144. See 3 THE COMPLETE WORKS OF WILLIAM BILLINGS, supra note 8, at 180-81.

145. This is the only change he makes. See id.

146. See id. at 376.

147. See Smith, supra note 17, at 137.

148. Feist Publications, Inc. v. Rural Tel. Serv. Co., 499 U.S. 340, 364 (1991).

149. Id. at 352.

150. See Smith, supra note 17, at 136-37 n.203 (discussing four possible fingerings of Bach's Sonata in C Major for two violins and harpsichord). See generally 6 NEW GROVE DICTIONARY, supra note 90, at 567 (defining “fingering”).

151. See Smith, supra note 17, at 136 (“A difference in fingering . . . is often the difference between a mediocre performance and one of artistry. This is equally true of bowing . . . .”).

152. See id. at 136 n.203.

153. BWV 1037 (1741). It is interesting to note that authorship of this sonata has, in fact, been attributed to Johann Gottlieb Goldberg. See THEMATISH-SYSTEMATISCHES VERZEICHNIS DER MUSIKALISCHEN WERKE VON JOHANN SEBASTIAN BACH 754 (Wolfgang Schmeider ed., 1990).

154. See Smith, supra note 17, at 136-37 n.203.

155. Id.

156. See supra text accompanying note 14.

157. See Northern Music Corp. v. King Record Distrib. Co., 105 F. Supp. 393, 400 (S.D.N.Y. 1952).

158. In other words, would another director testify, “That's an obvious thing to do”?

159. See Tempo Music, Inc. v. Famous Music Corp., 838 F. Supp. 162, 168-69 (S.D.N.Y. 1993).

160. My director shares this conclusion.

161. See Joe Young, John Siras, & Jack Little, In a Shanty in Old Shanty Town (M. Witmark & Sons 1932). This publication contains both waltz and fox trot versions of the same melody.

162. See 17 U.S.C. § 102(b) (1994).

163. See Appendices B1 and C1.

164. See supra text accompanying notes 160-61.

165. Translated, “accented” or “stressed”. 11 NEW GROVE DICTIONARY, supra note 90, at 647.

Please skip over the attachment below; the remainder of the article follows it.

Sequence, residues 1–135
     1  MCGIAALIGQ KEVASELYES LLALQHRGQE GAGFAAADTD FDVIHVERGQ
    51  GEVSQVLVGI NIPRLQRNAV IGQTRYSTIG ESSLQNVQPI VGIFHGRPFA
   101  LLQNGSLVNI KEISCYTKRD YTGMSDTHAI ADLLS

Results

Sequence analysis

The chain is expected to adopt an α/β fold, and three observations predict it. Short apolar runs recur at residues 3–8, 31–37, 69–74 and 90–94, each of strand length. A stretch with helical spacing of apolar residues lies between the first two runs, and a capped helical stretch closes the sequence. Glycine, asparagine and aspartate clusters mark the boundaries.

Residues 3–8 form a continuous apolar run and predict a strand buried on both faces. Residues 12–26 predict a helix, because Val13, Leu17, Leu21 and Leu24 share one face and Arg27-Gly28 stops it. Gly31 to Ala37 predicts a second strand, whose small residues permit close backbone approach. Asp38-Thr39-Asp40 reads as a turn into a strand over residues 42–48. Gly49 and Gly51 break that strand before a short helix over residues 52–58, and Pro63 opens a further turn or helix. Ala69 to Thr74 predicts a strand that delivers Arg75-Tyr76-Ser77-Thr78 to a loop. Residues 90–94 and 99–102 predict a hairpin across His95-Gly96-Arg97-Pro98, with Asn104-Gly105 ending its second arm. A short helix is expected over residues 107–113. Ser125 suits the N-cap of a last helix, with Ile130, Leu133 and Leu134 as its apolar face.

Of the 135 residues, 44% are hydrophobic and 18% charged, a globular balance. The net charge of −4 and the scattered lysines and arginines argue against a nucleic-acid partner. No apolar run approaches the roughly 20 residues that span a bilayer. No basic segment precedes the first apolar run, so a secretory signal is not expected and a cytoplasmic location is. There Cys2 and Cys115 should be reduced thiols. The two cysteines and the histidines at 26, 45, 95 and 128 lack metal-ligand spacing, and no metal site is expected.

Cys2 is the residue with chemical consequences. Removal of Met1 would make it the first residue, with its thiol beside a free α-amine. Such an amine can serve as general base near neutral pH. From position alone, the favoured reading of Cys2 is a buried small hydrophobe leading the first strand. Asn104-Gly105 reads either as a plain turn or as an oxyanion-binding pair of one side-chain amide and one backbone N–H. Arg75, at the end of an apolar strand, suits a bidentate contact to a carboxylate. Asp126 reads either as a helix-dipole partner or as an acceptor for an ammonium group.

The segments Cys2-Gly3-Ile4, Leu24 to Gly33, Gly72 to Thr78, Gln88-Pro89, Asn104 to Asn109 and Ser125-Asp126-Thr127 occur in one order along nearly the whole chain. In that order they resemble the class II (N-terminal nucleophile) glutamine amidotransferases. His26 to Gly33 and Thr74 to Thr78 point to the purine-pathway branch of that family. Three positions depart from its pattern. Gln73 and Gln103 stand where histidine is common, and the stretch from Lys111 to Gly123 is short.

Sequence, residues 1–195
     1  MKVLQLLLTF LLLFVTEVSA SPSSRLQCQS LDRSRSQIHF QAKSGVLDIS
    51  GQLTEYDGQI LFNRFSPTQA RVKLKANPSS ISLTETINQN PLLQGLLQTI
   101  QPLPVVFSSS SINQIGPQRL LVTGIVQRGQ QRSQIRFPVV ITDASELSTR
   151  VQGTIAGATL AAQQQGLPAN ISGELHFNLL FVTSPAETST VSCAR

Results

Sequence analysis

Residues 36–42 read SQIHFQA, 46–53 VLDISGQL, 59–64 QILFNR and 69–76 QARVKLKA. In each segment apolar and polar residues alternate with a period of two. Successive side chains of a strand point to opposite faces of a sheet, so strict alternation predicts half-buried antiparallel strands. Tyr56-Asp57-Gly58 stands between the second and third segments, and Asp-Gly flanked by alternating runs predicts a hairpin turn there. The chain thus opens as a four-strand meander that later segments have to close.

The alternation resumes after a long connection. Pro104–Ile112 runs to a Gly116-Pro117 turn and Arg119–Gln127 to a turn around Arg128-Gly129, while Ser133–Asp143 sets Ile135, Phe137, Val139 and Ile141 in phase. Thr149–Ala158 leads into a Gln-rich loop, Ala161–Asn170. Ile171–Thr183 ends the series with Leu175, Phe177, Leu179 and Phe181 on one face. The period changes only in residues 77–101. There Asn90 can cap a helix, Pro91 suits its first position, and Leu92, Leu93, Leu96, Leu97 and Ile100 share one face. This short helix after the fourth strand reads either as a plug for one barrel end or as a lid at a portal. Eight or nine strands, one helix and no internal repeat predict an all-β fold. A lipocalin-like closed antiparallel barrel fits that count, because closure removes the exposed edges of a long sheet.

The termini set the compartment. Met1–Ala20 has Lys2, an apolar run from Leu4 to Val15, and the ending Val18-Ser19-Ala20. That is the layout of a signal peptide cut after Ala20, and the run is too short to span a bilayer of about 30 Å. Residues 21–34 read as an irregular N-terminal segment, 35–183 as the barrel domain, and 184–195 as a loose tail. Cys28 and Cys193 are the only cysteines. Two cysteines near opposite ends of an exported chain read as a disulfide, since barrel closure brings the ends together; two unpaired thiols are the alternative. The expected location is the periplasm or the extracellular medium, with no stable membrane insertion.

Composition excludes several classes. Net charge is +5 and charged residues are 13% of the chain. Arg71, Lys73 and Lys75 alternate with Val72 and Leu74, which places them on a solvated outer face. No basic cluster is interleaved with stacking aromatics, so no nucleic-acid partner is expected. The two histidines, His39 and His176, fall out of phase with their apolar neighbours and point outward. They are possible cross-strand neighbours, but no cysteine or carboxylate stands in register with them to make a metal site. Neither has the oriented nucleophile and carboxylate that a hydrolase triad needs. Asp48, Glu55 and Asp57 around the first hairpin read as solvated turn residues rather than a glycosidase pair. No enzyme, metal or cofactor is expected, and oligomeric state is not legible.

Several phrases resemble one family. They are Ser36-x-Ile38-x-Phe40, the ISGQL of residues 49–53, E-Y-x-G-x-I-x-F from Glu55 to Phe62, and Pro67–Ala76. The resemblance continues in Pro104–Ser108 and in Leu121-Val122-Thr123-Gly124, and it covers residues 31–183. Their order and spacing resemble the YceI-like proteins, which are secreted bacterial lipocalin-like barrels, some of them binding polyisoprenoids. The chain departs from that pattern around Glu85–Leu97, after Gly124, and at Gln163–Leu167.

166. Translated, “connected smoothly.” 10 NEW GROVE DICTIONARY, supra note 90, at 610.

167. Woods II, 60 F.3d 978, 991 (2d Cit. 1995) (citation omitted).

168. 264 F. Supp. 603 (C.D. Cal. 1967).

169. Id. at 605.

170. See Feist Publications, Inc, v. Rural Tel. Serv. Co., 499 U.S. 340, 3624 (1991).

171. L. Batlin & Son, Inc. v. Snyder, 536 F.2d 486, 492 (2d Cir. 1976) (en banc).

172. See U.S. Copyright Office, Filling Out Application Form PA, at SPACE 6: Derivative Work or Compilation.

173. See KRASILOVSKY & SHEMEL, supra note 9, at 263-64 (explaining Copyright Office inquiries).

174. For example, “Arrangement for piano and orchestra” will suffice. See Filling Out Application Form PA, supra note 172, at SPACE 6: Derivative Work or Compilation.

175. See supra notes 21-23 and accompanying text.

176. The Copyright Office could, for example, require greater detail in answers given to Question 6(b) in Form PA. See id. Additional information on the application instructions would help arrangers understand what is an original contribution.

177. See generally Heald, supra note 82.

178. See 17 U.S.C. § 506(c). But see Donald Frederick Evans & Assoc., Inc. v. Continental Homes, Inc., 785 F.2d 897, 912 (11th Cir. 1986) (no private right of action under 17 U.S.C. § 506(c)).

179. See, for example, the World Wide Web edition of Playback, the bimonthly magazine of the American Society of Composers, Authors and Publishers (ASCAP). In the “Legislative Update” section of this year's January-February issue, ASCAP encourages readers to lobby members of Congress in favor of the proposed “Life Plus 70” copyright extension: “Those of us who make our living from our music, and those who hope to, deserve to be compensated when our music is used.” PLAYBACK (1996) <http://www.ascap.com/playback/1996/february/legislative.html#congress> (emphasis added).

180. United States v. Paramount Pictures, Inc., 334 U.S. 131, 158 (1948).

181. Mater v. Stein, 347 U.S. 201, 219 (1954).

182. In championing an amendment to proposed legislation affecting copyright on the Internet, for example, the Digital Future Coalition makes the following argument against labeling the unlicensed viewing of a web site as a copyright violation: “If such automatically erased images are considered true `copies’ under the Copyright Act, … the right and opportunity to browse information on-line now enjoyed by millions will be seriously underminded or-at some point soon-completely precluded.” Digital Future Coalition, Digital Future Coalition Amendment to “NII Copyright Protection Act” Facilitating Browsing and Networking (visited Nov. 11, 1996) <http://www.ari.net/dfc/legislat/pagers.htm#il06>. (link currently down)